Sicily, the largest island in the Mediterranean Sea, is home to Mt Etna, the tallest active volcano in Europe and one of the most active in the world. Additionally, the city is known for its beautiful architecture and historic sites. The Temple of Concord, for example, is one of the best preserved Doric temples in the world.
Paris, the capital of France, is the most populous city in the country, and the second most populous city of any country in the European Union (behind London). Its most prominent landmark is the Eiffel Tower, which was constructed in 1889, but that is not the city’s only attractive spot. The Luxembourg Gardens are an excellent place to relax. Prior to the French Revolution, they were open only to members of the aristocracy but today they are one of the country’s most popular attractions.
Rome, Italy – Rome’s history spans over two millennia, so it is no surprise that the city is known for its historic sites such as: the Colosseum, the Monument to Vittorio Emanuele II, the Castel Sant’Angelo, St. Peter’s Basilica, the Trevi Fountain, the Piazza della Repubblica, just to name a few.
Istanbul is known for its mosques, bazaars, Turkish baths, and distinct architecture. One of the most prominent sites is the Sultan Ahmet Camii (Blue Mosque), which was built by Ahmed I and still houses his body.
Edinburgh, Scotland – Edinburgh is located in Lothian, on the southern shore of the Firth of Forth. Though it is the country’s capital, it is only its second most populous. It is an historic and natural city and part of its appeal is its characteristic green grass. The University of Edinburgh is one of the highest rated institutions of higher learning in the world and the country is known for its rich literary history.
Prague is the capital city of the modern day Czech Republic but before that it was the capital of Bohemia and the Holy Roman Empire. Long before that, the area was home to various Celtic tribes. Prague is known for its colorful buildings and some of the local attractions include Prague Castle, the Charles Bridge, Old Town Square, the Jewish Quarter, and the Lennon Wall.
Frankfurt is known as the gateway to Germany, mainly because it hosts the Frankfurt Airport. However, Frankfurt is actually a beautiful city of its own merit. From the Main Tower, you can see the entire city, which is especially beautiful when lit up at night. The city is also the birthplace of Germany’s most important writer, Johann Wolfgang von Goethe. (He’s sort of like Germany’s Shakespeare). His house was destroyed in World War II but it has been painstakingly reconstructed, with all the original furniture, wall-hangings, paintings, and library. They’ve even restored his original writing desk so you can see where he wrote The Sorrows of Young Werther.
Sweden’s capital, Stockholm, is spread out across fourteen islands with views of the Baltic Sea. Be sure to visit the Old Town to see, well, old things… cobblestone streets, crooked buildings, the Royal Palace, and gothic churches. Stockholm is known for its vintage stores and upscale cafes.
Bath, Somerset – Bath is another city in England but it is nothing like London. The city is so significant that it has been declared a World Heritage site, in its entirety. That’s right, the entire city is an historic landmark. It is the only place in the UK in which you can bathe in naturally hot spring water, in Roman style baths. Bath is not just the city’s name but its main attraction.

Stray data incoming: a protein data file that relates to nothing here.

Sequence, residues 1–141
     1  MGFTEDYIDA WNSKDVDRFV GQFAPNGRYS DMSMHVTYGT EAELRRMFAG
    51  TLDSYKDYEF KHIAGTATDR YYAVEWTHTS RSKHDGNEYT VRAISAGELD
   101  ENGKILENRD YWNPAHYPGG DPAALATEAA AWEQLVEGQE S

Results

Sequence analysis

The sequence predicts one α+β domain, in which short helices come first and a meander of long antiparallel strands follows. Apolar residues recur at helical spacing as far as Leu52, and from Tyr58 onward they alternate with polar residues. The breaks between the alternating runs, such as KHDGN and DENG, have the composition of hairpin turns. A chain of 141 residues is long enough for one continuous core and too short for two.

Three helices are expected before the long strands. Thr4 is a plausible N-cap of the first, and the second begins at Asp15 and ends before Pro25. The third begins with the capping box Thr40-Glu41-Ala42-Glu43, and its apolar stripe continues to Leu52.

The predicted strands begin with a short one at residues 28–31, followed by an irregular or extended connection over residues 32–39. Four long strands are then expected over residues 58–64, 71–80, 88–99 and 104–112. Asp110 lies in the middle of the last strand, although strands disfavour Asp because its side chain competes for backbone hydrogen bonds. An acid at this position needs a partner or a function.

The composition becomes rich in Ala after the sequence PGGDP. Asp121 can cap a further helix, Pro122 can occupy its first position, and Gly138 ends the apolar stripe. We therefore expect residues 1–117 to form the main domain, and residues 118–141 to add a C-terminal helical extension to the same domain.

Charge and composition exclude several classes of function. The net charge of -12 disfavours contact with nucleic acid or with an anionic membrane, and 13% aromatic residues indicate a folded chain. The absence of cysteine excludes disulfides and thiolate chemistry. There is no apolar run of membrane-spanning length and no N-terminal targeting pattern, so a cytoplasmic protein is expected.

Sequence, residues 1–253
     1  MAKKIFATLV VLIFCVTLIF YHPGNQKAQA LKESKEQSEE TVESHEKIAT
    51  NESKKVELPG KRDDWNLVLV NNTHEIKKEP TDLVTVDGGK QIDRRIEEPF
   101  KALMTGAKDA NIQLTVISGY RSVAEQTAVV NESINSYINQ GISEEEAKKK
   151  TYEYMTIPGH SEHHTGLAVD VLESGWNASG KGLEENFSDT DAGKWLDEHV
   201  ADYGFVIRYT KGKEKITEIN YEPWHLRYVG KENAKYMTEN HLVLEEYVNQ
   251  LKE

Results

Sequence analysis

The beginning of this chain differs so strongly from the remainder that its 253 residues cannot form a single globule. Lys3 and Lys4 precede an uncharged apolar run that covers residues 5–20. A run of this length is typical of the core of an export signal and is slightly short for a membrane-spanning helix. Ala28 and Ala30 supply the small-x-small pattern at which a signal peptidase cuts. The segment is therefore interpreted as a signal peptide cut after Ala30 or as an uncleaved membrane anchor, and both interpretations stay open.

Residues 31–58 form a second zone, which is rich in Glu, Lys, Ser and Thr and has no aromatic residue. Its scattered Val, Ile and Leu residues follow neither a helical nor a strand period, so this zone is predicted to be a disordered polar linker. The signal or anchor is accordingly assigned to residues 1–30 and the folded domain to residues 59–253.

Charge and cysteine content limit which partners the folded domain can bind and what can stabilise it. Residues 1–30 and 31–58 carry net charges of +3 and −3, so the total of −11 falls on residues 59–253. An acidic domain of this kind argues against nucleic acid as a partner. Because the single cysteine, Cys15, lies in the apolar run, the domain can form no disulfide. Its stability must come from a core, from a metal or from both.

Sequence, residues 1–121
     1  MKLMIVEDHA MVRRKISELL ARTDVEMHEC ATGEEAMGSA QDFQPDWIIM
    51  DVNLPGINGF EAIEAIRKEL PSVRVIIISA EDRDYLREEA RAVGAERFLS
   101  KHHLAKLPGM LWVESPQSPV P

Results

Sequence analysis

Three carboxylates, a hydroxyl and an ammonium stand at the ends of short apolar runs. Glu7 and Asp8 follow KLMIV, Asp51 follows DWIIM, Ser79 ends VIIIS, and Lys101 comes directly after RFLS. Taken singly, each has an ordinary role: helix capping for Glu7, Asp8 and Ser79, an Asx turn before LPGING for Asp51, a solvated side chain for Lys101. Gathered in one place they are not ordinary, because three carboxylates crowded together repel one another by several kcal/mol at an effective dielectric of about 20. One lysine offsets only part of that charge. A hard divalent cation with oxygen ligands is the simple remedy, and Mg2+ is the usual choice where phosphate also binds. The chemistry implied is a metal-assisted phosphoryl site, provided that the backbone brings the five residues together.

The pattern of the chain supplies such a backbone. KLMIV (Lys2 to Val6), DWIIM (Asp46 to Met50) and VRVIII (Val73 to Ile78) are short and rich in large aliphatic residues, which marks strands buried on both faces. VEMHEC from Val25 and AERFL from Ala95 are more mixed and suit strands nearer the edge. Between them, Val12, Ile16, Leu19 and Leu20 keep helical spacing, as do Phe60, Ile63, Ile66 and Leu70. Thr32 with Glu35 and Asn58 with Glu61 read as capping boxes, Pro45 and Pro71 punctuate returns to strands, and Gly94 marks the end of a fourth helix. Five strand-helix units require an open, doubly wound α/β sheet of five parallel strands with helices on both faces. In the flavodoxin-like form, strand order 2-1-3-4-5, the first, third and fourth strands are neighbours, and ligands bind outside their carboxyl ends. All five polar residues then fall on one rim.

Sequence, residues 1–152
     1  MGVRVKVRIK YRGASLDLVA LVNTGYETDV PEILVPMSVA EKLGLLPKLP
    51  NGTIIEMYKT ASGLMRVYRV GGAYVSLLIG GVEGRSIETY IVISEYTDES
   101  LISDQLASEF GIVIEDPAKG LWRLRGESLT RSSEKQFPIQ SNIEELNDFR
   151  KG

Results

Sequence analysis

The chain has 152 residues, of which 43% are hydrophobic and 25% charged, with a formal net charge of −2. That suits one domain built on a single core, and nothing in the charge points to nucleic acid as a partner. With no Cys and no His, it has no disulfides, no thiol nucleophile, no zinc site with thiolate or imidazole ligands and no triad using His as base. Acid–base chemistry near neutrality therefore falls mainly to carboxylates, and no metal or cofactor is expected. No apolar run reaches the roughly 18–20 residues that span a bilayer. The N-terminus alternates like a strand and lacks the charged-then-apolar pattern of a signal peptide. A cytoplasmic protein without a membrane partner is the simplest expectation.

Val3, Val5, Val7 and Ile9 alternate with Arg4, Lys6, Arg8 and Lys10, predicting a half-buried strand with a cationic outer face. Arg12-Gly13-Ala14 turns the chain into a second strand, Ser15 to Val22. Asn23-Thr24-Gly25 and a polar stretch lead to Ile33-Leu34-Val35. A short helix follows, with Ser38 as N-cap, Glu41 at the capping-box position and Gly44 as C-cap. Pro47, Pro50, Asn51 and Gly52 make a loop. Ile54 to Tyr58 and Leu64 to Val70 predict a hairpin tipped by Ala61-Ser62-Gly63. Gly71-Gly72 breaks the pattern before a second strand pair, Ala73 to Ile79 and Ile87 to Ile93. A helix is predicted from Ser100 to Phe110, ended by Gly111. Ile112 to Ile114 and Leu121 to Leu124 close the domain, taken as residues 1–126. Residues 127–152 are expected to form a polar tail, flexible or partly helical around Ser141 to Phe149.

Constantine, Algeria – Malek Haddad, an Algerian poet, wrote of Constantine, “You do not introduce Constantine. She introduces herself, and you salute her. She reveals herself and we discover each other.” The city was constructed on a mountain above a ravine where it stands, perched precariously above cliffs, surrounded by shrubbery. And carved into the surrounding cliffs? Evidence of ancient cultures.
Munich, Germany – Munich is the city of beer. Its most prominent brewery is Hofbräuhaus, which has been brewing the finest hops since 1589. And for recreation, you can ice skate in Olympiapark, or unwind with some people-watching at The promenade of Marienplatz.
Lefkada, Greece – Aside from its clear waters and clean sand, Lefkada also has some of the most beautifully gnarled shrubbery of any beach on this list. (And hey, it’s even been suggested that this is the location of Ithica… as in Homer… as in The Iliad and The Odyssey.)
Moscow, Russia – Moscow is a city of art. It’s filled with museums and even its buildings are works of art. The Red Square and Kremlin are two of the most known attractions for art-enthusiasts, and many say that the Tretyakov Gallery has the finest collection of Russian art in the world. If fine art isn’t your thing, you could always visit Saint Basil’s Cathedral, though it really is a work of art in its own right.
London, England – Not only is London the capital England and its most populous city, it is home to the Tower of London, the country’s number one tourist attraction. While you’re there, you might as well take in a show. How about Les Miserables at the Palace Theatre, which boasts a revolving stage for scene changes? This production is noted for being presented in its original, unaltered version, unlike the recent revivals.
Brussels, Belgium – So, what’s so great about Brussels? Well, brussels sprouts are said to have originated in this area of Belgium around the 16th century, where they were adopted from a Roman crop and selectively bred until they became the vegetable they are today. But I guess that’s not why you’d want to travel there. You’d probably go for the French-Dutch-Flemish cultures, which all coexist in this city. Plus, a little historical fun-fact: the city was founded by Charles, Duke of Lower Lorraine, a descendent of Charlemagne.